Review gives NASA’s Space Launch System the tick of approval

The first of three planned configurations of NASA’s Space Launch System (SLS), known as Block 1, has passed the final Critical Design Review (CDR). This is the final review and paves the way for full-scale fabrication of the first exploration-class rocket since the Saturn V and the most powerful rocket ever built.
According to NASA, the CDR was completed in July, along with a separate review by the Standing Review Board made up of independent NASA and industry experts. Over 11 weeks, 13 teams trawled through more than 1,000 documents and over 150 GB of data before the Standing Review Board confirmed the program’s readiness and ability to meet performance, budget, and timetable requirements.
The individual SLS elements of the core stage, boosters and engines also successfully completed CDRs, with NASA deciding that instead of being painted white, the core stage and Launch Vehicle Stage Adapter of the booster will remain the natural orange color of the insulation covering them, and that the core stage will use cryogenic liquid hydrogen and liquid oxygen fuel for the rocket’s four RS-25 engines.
NASA says that following the completion of manufacturing, integration, and testing, the program will move onto design certification. This will take place in 2017 and compare the finished product against design specifications prior to the flight readiness review, which will be completed just before the SLS’s maiden flight in 2018.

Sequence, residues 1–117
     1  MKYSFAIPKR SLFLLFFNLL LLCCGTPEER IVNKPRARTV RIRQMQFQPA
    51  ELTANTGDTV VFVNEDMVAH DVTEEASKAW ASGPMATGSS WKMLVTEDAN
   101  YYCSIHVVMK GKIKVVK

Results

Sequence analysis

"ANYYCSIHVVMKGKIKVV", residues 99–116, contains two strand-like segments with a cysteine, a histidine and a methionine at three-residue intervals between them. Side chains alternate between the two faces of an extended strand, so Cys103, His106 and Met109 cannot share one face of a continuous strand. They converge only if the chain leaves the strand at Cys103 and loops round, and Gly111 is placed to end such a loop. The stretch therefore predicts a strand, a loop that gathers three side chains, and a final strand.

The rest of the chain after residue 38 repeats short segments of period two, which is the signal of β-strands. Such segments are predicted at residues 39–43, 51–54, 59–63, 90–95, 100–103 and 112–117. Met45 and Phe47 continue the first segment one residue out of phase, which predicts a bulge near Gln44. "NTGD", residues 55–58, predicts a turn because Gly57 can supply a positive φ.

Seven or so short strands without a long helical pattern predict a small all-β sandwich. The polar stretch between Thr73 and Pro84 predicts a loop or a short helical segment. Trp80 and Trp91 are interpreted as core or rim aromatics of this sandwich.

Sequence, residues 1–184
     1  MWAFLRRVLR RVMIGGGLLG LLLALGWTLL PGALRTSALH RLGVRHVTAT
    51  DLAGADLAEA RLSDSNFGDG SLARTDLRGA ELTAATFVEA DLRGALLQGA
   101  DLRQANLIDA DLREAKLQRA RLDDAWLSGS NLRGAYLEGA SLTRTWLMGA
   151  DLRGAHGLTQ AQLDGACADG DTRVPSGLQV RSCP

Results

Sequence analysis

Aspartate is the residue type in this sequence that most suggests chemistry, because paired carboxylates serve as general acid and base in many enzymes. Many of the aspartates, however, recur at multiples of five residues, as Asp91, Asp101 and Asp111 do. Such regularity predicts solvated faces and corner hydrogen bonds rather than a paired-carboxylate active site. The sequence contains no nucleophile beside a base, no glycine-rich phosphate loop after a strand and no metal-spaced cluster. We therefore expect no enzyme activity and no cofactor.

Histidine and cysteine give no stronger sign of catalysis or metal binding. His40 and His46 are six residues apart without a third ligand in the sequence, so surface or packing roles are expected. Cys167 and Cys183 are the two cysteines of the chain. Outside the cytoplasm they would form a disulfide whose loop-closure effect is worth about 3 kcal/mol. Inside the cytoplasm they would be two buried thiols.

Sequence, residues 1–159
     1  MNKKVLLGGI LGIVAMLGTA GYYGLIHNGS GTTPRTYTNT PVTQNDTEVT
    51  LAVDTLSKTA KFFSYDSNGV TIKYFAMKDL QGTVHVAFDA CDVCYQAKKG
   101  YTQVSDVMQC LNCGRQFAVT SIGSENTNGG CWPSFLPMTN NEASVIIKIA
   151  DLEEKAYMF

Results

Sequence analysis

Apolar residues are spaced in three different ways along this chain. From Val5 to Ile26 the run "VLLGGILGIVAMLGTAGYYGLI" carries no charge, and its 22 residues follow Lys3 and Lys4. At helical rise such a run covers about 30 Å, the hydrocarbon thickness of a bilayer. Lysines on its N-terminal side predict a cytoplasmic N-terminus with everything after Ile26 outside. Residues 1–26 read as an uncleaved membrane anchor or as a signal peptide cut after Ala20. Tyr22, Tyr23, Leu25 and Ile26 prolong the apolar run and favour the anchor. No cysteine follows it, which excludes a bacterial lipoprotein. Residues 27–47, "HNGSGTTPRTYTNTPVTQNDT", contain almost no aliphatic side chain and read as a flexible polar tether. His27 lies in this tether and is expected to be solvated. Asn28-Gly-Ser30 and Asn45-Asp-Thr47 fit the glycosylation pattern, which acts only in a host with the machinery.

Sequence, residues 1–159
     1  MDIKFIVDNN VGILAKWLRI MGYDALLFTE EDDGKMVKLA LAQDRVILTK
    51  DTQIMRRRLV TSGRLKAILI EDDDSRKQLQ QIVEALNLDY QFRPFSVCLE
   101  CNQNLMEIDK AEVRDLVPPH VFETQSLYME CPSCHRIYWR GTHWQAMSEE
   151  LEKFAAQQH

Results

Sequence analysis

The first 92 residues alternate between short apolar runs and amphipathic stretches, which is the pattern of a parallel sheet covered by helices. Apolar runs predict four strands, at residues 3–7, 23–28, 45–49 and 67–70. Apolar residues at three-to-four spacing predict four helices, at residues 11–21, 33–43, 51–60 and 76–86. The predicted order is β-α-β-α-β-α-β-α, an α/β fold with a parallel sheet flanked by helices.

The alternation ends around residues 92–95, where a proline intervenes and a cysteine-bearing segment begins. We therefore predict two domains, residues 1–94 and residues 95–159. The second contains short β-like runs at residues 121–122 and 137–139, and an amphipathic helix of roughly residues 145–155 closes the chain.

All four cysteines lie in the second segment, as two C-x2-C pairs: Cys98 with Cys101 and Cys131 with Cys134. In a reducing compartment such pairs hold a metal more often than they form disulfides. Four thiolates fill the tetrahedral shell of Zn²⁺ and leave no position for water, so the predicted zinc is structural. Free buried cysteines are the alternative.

The SLS is designed for deep-space missions using the manned Orion spacecraft. The current CDR is for the SLS Block 1, which is the first of three configurations and will be able to lift at least 70 tonnes (77 tons) using twin solid boosters and four RS-25 engines. The first developmental test series was recently completed on the RS-25 engines, while the integrated spacecraft and payloads are also nearing completion of the their own CDR.
"We’ve nailed down the design of SLS, we’ve successfully completed the first round of testing of the rocket’s engines and boosters, and all the major components for the first flight are now in production," says Bill Hill, deputy associate administrator of NASA’s Exploration Systems Development Division.
"There have been challenges, and there will be more ahead, but this review gives us confidence that we are on the right track for the first flight of SLS and using it to extend permanent human presence into deep space."